Sure, Greenberg and Ryan have made a deal with Hicks, but they’re not the only ones that matter. According to Sports Business Journal, a hedge fund called Monarch Alternative Capital — which came in late in the game and bought up a bunch of Hicks Sports’ Group’s debt when they nearly defaulted on their obligations last summer — has yet to sign off. And they may not, because they think that Hicks passed up a better offer: from Houston businessman Jim Crane.
SBJ is saying that Monarch is “unlikely” to scuttle the deal, but that it has a reputation for “going to the mat” for the last dollar. They’re also none too pleased with the fact that Hicks is still going to end up owning part of the team post-sale, making
him a buyer and a seller.
Because Monarch is essentially a debt vulture, it may not get much sympathy from the banks and everyone who matters here on the pure dollars of it all. But I continue to think that they have an excellent point regarding Hicks being on both sides of the deal. That has stunk to me from the get-go, and I have no idea why, if there were better offers than Greenberg’s, his partners in Hicks’ Sports Group and others haven’t raised a stink about it.
Double plays come in an assortment of combinations, from the standard 6-4-3 combo to some more unusual patterns. During the Mets’ 5-3 win over the Nationals on Saturday, however, what made this double play strange was less the product of an unorthodox route and almost entirely due to an unexpected collision on the basepaths instead.
In the bottom of the fourth inning, with the Mets trailing 1-0, Zack Wheeler caught Jose Lobaton swinging for strike three. Mets’ backstop Travis d'Arnaud fired the ball to second base, where the ball slipped out of Asdrubal Cabrera‘s glove as Jayson Werth slid into the bag for a stolen base. Second baseman Neil Walker fielded the ball in shallow center field, then tossed it to third base, and Jose Reyes tagged Werth easily for the second out of the play.
The Mets complimented their defensive efforts with a strong showing at the plate, reclaiming the lead with three home runs from Michael Conforto and Jose Reyes to clinch their tenth win of the year.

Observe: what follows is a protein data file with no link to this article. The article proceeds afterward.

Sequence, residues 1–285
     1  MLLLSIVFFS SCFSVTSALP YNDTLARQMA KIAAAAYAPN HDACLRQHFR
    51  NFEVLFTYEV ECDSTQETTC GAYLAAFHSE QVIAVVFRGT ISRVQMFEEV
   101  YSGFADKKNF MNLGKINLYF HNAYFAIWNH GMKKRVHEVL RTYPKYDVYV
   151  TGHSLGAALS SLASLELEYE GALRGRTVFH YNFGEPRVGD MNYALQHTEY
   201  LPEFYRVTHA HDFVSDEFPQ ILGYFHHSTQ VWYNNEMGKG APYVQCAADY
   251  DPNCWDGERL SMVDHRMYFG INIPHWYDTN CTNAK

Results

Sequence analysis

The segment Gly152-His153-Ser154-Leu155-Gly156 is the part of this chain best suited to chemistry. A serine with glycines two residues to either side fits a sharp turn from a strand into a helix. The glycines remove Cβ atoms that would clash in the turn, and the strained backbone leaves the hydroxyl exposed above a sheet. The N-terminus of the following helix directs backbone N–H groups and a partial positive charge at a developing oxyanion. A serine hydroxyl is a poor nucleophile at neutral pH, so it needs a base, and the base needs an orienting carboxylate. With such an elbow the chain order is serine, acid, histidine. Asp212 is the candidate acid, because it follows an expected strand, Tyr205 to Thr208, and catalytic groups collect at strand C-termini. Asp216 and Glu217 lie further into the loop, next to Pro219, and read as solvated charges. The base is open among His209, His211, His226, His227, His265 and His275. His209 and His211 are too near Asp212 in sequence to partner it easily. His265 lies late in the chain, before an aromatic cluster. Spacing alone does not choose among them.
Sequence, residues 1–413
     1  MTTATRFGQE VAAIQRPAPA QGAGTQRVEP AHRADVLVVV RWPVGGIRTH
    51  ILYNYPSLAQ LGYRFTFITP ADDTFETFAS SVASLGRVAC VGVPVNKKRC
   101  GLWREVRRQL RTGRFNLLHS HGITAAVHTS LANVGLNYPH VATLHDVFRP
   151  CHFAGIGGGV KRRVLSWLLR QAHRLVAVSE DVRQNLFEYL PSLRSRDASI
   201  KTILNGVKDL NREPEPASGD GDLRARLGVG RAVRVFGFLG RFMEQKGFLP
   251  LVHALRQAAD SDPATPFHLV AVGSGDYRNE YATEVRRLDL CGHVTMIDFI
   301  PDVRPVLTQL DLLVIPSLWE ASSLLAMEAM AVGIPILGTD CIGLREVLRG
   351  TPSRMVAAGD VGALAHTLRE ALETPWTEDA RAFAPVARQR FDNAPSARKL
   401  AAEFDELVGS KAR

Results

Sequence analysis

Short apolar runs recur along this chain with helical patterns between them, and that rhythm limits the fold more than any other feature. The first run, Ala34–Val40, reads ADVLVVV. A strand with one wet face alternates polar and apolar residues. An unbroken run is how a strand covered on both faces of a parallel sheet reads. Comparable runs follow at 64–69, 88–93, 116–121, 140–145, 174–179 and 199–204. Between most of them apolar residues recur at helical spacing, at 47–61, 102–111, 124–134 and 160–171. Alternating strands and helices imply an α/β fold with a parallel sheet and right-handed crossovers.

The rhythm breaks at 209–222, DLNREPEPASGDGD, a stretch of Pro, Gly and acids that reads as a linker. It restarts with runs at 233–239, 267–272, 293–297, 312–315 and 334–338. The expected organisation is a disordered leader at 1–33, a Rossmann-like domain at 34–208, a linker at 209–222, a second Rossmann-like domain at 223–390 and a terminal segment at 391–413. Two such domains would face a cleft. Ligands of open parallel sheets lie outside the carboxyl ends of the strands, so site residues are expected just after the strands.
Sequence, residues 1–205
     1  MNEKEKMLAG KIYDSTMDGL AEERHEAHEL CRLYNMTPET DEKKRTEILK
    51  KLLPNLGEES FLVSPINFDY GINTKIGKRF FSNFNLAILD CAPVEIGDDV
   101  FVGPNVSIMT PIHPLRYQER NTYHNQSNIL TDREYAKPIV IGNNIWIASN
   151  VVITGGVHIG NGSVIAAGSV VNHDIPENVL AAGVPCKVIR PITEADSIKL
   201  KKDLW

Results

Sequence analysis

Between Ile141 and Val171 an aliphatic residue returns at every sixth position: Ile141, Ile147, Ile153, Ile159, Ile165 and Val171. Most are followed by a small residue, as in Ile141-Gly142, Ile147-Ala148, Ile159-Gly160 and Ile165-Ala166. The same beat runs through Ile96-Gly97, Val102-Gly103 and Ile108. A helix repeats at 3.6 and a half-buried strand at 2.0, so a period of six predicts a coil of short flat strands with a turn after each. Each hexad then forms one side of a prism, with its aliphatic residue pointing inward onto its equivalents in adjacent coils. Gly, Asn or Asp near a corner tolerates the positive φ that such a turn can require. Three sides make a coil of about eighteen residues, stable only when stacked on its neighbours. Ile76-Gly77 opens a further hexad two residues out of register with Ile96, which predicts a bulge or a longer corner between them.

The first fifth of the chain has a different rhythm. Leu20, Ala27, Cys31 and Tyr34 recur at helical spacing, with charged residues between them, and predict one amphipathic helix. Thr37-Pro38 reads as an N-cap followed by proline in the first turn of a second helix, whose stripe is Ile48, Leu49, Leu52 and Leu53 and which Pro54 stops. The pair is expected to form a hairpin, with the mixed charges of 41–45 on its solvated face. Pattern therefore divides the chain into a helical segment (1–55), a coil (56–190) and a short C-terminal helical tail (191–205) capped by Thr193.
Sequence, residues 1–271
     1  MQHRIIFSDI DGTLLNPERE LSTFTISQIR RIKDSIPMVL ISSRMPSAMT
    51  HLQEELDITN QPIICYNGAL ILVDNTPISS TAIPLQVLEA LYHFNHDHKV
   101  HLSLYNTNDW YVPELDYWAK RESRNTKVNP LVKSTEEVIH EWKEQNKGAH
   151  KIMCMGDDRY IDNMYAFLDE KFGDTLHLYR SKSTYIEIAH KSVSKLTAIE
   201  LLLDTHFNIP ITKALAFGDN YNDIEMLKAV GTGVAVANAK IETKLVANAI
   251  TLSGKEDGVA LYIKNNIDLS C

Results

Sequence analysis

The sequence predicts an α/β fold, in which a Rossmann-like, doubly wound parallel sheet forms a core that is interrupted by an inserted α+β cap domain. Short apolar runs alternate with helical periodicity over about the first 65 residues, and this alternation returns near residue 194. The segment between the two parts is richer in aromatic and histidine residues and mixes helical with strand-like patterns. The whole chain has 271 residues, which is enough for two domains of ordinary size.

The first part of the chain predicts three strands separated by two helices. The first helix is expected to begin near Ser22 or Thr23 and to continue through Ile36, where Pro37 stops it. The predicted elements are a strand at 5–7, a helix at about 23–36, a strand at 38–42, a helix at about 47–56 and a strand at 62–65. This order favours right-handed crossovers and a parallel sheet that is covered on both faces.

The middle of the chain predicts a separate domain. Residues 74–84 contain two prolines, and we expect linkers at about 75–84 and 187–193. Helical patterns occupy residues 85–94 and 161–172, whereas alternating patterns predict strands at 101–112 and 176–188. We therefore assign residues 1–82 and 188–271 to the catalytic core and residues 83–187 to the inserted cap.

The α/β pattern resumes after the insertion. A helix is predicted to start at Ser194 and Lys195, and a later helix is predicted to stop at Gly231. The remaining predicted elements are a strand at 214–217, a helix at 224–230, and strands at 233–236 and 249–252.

It’s been a miserable weekend for Nationals’ outfielder Adam Eaton, who stumbled over first base and injured his leg while running out an infield single in Friday’s 7-5 loss to the Mets. While the team officially placed the outfielder on the 10-day disabled list with a left knee strain on Saturday, FOX Sports’ Ken Rosenthal reports that Eaton has been diagnosed with a torn ACL in his left knee and is expected to miss the remainder of the 2017 season. The team has yet to confirm the diagnosis or announce a definite timetable for the 28-year-old’s return, perhaps due to extended evaluations by Eaton’s orthopedic doctor:
The Nationals appear to have several outfield options with Eaton on the disabled list, though they have not pinned down a long-term solution. Center fielder Michael Taylor replaced Eaton on the field during the tail end of Friday’s game, and returned on Saturday to man center and bat second in the lineup. The club also promoted top outfield prospect Rafael Bautista, who slashed .291/.325/.354 with five doubles and a .680 OPS through 19 games in Triple-A Syracuse this season. He’ll assume Eaton’s roster spot and looks to be available for a backup role in the outfield going forward.